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Don't Overdo the Perks in Your Cause Marketing Campaign

Distributing proper incentives to the people that make your cause marketing program a success is critical, but you should avoid lavish spending on perks. Incentivizing the people who make cause marketing programs such a big success can include a T-shirt to a $5 gift card to a pizza party for the store that sold the most pinups. Incentives work, especially when you’re working with a team that’s highly motivated.

What doesn’t work is when causes and companies reward supporters lavishly at the expense of dollars or products that could have benefited the cause instead.

Take the high-profile case of New England Patriot Quarterback Tom Brady. After an auto accident in 2010, Boston media outlets reported that Brady got the $97,000 car he was driving as part of a sponsorship pact automaker Audi had with Best Buddies, a nonprofit with which Brady had played a major role for several years.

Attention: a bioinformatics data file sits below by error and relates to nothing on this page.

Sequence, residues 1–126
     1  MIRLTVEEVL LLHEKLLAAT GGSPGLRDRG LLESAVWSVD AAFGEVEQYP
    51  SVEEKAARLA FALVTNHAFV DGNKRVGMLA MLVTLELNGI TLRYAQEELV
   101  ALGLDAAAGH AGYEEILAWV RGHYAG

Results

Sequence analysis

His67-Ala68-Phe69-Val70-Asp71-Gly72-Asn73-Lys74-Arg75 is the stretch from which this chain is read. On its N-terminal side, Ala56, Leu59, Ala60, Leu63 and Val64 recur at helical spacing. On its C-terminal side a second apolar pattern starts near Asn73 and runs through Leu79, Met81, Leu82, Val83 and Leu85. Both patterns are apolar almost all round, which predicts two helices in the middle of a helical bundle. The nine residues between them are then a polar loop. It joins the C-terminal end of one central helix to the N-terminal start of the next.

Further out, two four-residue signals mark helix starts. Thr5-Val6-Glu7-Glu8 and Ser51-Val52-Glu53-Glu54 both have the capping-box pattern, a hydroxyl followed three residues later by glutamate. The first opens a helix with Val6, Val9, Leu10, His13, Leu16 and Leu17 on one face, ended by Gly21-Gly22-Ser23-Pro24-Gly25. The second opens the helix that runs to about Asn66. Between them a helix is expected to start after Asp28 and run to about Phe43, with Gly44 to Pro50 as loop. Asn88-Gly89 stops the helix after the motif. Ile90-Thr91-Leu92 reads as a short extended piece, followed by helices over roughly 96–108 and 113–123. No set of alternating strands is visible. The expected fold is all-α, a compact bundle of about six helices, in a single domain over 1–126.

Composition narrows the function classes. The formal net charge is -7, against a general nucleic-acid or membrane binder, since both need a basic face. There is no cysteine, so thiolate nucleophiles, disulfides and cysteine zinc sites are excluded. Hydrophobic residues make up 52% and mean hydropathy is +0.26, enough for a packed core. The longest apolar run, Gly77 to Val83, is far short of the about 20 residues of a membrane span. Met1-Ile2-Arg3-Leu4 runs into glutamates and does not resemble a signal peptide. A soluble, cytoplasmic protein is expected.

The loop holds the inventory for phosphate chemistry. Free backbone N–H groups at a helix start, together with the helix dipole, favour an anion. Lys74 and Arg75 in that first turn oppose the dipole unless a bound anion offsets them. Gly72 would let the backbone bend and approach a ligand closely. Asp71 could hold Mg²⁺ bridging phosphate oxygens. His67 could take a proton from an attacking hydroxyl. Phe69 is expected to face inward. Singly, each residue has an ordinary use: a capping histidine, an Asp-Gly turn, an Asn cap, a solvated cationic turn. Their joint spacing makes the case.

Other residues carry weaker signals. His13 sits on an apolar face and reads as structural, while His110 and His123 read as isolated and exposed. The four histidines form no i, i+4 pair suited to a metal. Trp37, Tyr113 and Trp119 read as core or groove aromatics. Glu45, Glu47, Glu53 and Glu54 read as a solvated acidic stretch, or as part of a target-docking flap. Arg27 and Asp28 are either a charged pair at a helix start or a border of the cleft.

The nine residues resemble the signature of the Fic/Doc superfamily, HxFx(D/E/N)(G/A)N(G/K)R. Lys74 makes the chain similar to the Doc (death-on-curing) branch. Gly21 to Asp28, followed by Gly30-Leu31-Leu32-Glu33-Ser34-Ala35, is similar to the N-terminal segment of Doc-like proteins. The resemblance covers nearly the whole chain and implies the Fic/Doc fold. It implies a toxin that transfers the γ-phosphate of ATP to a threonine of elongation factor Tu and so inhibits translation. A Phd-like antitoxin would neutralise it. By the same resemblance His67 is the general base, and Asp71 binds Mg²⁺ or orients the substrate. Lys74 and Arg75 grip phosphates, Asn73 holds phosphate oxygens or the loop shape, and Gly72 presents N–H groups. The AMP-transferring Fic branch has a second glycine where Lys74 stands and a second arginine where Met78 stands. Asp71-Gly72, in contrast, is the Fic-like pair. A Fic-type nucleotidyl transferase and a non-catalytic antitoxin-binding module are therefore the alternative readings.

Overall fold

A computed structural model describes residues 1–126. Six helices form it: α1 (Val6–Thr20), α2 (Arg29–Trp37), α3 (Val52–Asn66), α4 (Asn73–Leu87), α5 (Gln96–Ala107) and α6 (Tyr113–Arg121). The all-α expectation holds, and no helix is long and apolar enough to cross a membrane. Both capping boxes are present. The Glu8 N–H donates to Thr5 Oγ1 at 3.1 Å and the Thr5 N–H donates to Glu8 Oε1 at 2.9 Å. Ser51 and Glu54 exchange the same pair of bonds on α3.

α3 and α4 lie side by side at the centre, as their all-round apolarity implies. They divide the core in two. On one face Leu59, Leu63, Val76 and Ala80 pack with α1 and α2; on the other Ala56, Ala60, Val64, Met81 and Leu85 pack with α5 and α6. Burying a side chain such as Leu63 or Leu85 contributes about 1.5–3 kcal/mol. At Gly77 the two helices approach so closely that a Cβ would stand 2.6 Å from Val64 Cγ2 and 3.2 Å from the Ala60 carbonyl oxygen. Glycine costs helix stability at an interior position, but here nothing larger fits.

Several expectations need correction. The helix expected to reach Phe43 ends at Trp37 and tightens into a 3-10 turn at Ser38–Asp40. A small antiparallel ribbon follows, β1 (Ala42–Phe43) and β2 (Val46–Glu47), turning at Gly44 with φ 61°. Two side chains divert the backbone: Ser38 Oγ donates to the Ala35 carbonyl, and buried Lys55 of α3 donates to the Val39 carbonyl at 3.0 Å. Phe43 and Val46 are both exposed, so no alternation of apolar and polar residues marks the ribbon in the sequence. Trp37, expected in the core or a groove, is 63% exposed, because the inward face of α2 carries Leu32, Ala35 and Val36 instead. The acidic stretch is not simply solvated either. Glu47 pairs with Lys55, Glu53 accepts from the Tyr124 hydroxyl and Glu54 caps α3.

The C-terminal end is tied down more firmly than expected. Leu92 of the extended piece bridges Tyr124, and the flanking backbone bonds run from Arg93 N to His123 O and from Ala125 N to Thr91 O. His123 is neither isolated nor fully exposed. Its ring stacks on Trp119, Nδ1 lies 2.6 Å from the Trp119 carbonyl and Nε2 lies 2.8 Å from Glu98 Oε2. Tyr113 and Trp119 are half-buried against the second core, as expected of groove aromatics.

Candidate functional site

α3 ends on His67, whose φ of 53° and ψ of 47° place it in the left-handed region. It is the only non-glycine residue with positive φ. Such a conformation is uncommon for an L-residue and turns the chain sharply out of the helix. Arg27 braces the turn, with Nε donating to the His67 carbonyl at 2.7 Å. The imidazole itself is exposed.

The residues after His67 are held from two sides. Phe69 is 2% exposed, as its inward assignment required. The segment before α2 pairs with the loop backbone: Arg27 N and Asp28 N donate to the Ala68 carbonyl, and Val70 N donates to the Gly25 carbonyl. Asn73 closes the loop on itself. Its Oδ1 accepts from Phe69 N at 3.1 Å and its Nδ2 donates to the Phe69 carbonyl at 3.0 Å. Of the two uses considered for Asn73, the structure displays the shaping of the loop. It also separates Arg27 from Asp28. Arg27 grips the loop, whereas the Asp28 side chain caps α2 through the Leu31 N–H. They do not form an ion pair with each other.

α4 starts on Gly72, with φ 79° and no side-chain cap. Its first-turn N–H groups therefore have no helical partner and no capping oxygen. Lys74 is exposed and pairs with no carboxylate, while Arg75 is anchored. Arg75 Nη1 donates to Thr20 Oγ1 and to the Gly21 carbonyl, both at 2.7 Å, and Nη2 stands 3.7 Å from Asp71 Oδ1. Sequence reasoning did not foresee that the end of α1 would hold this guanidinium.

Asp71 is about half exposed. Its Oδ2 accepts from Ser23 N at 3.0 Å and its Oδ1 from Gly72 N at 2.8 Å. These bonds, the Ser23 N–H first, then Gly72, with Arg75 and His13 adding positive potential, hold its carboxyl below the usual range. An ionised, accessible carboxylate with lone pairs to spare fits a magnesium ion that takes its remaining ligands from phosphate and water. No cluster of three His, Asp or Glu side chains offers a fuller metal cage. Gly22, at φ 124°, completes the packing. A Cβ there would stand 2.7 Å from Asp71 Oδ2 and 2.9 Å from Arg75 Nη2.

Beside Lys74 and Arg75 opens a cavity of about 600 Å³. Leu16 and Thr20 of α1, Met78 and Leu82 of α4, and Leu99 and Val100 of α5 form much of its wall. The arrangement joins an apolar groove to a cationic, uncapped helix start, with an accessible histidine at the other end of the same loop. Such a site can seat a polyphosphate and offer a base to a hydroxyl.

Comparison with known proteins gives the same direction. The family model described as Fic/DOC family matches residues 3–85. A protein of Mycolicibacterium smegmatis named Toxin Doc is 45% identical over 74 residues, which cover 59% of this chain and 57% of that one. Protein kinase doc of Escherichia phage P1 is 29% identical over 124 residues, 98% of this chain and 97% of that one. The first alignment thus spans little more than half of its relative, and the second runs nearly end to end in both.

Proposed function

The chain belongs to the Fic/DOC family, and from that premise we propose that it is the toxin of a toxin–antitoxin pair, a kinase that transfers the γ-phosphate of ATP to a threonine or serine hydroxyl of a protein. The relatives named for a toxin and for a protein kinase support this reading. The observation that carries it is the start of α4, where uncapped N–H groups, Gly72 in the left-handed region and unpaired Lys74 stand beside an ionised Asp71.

A spokesman for the car company said they gave Brady a car “in appreciation” of his work on behalf of Best Buddies. Sure beats a t-shirt, which is what other supporters got.

Brady has no official relationship with Audi, yet he accepts an expensive car from them in appreciation of his volunteer work with Best Buddies.

Bad call? Interference? Flag? You pick. Unfortunately, a penalty was never called on this play, and Audi replaced Brady’s damaged car with a new one.

Steer clear of excessive perks and never lose sight of your ethics and the well-being of your brand. Brady was unhurt in the accident, but his Audi/Best Buddies and judgment were dead on arrival.

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